Salt Spring middle school students had the chance to learn about psychosis and how to help themselves or others in dealing with it at a musical presentation by ReachOut Psychosis on Monday morning.
“Psychosis is a medical condition that affects the brain. It happens when a person can’t tell the difference between what’s real and what isn’t real,” explained Sydney Thorne, the MC of the event. “It can be helpful in a diagnosis of schizophrenia, bipolar disorder, certain types of depression. We talk about psychosis as an umbrella term so we can touch on a bunch of those issues.”
The presentation incorporated music, audience participation and sketches as a way to reach the kids and bring their message to a younger audience. Musician Sarah Jickling and Her Good Bad Luck band played pop-music influenced songs that discussed the experience of living with psychosis. Jickling has been diagnosed with bipolar disorder and incorporates her experiences into her music. The group also invited students on stage to demonstrate how the combination of environmental stressors and genetic vulnerability (family history of mental illness, for example) can lead to psychosis.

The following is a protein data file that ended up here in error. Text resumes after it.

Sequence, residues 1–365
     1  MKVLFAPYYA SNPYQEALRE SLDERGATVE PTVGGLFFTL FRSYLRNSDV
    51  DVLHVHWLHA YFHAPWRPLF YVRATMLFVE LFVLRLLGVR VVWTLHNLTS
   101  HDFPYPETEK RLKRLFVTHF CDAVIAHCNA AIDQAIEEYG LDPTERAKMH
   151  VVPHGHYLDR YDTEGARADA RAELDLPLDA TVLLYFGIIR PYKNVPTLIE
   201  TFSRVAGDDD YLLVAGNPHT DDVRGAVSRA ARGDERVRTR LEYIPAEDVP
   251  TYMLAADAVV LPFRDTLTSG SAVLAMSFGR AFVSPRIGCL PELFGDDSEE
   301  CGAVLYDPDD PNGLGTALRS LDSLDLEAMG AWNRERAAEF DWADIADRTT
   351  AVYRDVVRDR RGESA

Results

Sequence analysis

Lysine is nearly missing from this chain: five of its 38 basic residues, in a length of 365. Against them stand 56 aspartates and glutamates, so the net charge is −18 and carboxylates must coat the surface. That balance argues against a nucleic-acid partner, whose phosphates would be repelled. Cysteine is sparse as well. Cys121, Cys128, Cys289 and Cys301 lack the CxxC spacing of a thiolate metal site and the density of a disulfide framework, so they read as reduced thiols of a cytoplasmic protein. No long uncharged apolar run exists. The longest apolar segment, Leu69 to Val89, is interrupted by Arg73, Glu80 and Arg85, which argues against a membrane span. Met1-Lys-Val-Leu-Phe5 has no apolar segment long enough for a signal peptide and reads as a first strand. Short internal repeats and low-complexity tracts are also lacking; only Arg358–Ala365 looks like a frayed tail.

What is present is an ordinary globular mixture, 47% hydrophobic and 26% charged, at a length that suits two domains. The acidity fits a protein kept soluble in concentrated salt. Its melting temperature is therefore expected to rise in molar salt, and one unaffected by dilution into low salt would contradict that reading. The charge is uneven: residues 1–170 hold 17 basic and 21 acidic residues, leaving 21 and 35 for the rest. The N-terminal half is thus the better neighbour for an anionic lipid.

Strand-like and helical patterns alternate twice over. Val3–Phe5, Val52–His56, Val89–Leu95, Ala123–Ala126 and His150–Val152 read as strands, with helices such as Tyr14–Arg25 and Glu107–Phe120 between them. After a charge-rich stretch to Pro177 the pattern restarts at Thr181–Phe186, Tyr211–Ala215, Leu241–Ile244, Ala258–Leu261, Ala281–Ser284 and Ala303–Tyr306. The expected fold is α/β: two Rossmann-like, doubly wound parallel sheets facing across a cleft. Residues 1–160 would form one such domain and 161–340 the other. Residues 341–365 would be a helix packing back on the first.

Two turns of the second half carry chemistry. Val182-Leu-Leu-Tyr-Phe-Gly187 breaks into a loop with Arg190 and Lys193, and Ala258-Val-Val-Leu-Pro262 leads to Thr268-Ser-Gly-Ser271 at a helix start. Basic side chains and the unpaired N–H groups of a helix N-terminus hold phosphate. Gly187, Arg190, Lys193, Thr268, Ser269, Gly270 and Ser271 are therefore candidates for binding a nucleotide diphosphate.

Thorne explained that they bring the presentation to youth because psychosis typically first appears at around 16 years old.
“We come to youth for this because it shows up in youth,” she said. “A lot of schools are dealing with students who have psychosis who they think are just acting out or are shy. A lot of these symptoms can fly under the radar, so it’s really good for youth to know the signs and symptoms so they can help each other.”
Even if students themselves do not experience psychosis, the prevalence of psychosis in the general population means that it is likely they will meet someone who is dealing with it sometime in their lifetime. According to ReachOut’s website, psychosis affects three per cent of the population and is six times more common than Type 1 diabetes.
Tiffany Wightman, the counsellor at the middle school who helped coordinate the event, explained that “a lot of kids will say that they have an older sibling in their 20s who has some sort of diagnosis or mental health condition . . . This is the start of their support systems. It’s super important to have these conversations.”
For more on this story, see the Feb. 27, 2019 issue of the Gulf Islands Driftwood newspaper, or subscribe online.